Sulfur oxidation genes in diverse deep-sea viruses
Duhaime, Melissa B.
Breier, John A.
Wendt, Kathleen A.
Toner, Brandy M.
Dick, Gregory J.
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Viruses are the most abundant biological entities in the oceans and a pervasive cause of mortality of microorganisms that drive biogeochemical cycles. Although the ecological and evolutionary impacts of viruses on marine phototrophs are well-recognized, little is known about their impact on ubiquitous marine lithotrophs. Here we report 18 genome sequences of double-stranded DNA viruses that putatively infect widespread sulfur-oxidizing bacteria. Fifteen of these viral genomes contain auxiliary metabolic genes for the alpha and gamma subunits of reverse dissimilatory sulfite reductase (rdsr). This enzyme oxidizes elemental sulfur, which is abundant in the hydrothermal plumes studied here. Our findings implicate viruses as a key agent in the sulfur cycle and as a reservoir of genetic diversity for bacterial enzymes that underpin chemosynthesis in the deep oceans.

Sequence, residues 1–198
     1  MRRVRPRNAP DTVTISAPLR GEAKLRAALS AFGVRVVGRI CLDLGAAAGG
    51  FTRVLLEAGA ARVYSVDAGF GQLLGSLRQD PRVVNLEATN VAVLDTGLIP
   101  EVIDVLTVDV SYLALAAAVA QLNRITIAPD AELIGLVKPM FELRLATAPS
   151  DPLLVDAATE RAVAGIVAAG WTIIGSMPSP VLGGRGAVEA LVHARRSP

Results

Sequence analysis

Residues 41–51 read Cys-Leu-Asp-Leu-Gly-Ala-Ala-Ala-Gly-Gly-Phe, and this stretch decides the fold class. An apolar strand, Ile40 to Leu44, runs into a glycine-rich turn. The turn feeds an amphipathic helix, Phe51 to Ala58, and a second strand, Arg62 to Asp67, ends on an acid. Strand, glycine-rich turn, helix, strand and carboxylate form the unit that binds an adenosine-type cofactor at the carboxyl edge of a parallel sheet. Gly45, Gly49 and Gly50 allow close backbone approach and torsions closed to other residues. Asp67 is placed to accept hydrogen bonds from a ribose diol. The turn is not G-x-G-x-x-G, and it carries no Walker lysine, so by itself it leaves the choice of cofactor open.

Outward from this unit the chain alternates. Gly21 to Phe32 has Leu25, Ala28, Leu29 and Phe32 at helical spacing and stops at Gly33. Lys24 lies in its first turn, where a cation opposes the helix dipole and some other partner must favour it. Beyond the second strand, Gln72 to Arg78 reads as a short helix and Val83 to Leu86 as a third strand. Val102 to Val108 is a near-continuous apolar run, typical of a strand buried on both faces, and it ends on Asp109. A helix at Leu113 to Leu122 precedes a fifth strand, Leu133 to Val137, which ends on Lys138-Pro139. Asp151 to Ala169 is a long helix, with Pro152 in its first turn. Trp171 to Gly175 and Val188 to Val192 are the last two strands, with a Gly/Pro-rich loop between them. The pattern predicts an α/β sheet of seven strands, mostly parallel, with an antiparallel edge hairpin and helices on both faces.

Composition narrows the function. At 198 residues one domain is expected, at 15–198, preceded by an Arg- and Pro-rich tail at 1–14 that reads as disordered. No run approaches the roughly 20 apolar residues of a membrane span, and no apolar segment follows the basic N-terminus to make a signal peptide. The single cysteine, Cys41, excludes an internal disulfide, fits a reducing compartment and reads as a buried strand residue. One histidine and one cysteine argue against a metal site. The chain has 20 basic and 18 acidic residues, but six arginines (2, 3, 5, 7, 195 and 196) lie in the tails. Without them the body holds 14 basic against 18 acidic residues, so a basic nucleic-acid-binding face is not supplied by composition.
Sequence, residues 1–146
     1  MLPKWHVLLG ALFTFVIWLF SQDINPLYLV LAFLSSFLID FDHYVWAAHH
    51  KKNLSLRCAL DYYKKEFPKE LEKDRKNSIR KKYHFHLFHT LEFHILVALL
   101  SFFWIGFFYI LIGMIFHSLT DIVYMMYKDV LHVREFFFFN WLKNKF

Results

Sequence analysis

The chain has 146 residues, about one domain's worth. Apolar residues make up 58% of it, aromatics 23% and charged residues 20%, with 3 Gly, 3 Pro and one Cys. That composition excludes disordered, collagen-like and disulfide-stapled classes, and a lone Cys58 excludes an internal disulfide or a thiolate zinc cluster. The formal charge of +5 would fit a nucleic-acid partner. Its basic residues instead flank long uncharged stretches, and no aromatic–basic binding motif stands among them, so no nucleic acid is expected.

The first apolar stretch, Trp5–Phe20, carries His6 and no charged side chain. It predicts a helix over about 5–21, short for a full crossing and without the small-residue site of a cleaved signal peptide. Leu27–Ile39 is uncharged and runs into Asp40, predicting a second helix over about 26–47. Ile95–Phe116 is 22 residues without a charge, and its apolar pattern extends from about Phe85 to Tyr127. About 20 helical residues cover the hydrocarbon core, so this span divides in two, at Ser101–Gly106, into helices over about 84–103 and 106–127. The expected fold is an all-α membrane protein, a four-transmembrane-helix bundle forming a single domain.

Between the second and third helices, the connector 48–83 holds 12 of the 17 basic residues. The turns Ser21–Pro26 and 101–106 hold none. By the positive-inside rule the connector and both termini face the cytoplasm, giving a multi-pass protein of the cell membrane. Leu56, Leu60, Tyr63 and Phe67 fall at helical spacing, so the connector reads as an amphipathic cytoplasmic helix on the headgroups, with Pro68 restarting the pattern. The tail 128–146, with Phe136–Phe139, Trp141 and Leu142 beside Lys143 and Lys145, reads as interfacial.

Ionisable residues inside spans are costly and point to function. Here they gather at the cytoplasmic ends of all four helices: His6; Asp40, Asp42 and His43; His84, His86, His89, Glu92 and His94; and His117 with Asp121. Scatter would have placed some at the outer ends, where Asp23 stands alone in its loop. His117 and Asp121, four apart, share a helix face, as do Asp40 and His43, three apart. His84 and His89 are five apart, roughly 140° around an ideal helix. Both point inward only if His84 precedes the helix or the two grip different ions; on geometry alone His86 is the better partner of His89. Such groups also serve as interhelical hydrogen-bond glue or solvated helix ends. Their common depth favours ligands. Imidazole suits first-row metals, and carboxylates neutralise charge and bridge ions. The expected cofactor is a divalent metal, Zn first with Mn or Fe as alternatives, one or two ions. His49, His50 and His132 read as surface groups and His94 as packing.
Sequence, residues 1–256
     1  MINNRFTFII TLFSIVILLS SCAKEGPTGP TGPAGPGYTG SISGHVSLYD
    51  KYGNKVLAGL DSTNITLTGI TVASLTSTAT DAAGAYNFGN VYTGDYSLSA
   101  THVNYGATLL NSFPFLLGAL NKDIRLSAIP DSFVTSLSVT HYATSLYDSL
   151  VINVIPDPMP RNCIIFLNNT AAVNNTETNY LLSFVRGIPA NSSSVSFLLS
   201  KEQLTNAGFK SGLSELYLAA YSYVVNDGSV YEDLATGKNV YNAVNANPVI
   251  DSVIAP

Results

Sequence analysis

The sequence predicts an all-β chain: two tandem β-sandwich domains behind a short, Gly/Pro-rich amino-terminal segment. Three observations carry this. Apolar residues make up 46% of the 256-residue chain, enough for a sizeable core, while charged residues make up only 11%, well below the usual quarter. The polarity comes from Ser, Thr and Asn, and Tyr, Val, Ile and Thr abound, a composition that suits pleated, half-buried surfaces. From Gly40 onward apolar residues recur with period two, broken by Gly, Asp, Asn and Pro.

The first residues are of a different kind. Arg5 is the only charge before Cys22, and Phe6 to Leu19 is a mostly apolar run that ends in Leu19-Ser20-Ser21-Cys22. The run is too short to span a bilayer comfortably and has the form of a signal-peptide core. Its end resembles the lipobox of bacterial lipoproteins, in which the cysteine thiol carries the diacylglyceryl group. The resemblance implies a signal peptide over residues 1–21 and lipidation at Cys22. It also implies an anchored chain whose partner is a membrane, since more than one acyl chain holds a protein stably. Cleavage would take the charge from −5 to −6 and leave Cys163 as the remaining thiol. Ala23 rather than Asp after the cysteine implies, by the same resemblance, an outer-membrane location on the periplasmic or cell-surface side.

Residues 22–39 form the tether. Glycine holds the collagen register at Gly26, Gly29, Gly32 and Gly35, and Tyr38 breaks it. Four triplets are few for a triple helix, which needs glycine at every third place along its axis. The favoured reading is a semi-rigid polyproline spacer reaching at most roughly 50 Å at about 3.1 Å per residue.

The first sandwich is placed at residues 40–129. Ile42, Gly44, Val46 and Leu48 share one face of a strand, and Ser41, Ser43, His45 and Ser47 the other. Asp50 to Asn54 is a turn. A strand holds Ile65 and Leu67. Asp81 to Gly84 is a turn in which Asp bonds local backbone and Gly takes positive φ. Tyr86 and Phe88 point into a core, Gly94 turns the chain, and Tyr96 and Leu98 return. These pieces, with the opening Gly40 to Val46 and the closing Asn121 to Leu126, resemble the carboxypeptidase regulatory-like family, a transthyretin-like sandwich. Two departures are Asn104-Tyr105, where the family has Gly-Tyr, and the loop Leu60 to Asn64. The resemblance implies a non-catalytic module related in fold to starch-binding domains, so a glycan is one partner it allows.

Author Posting. © The Author(s), 2014. This is the author's version of the work. It is posted here by permission of AAAS for personal use, not for redistribution. The definitive version was published in Science 344 (2014): 757-760, doi:10.1126/science.1252229.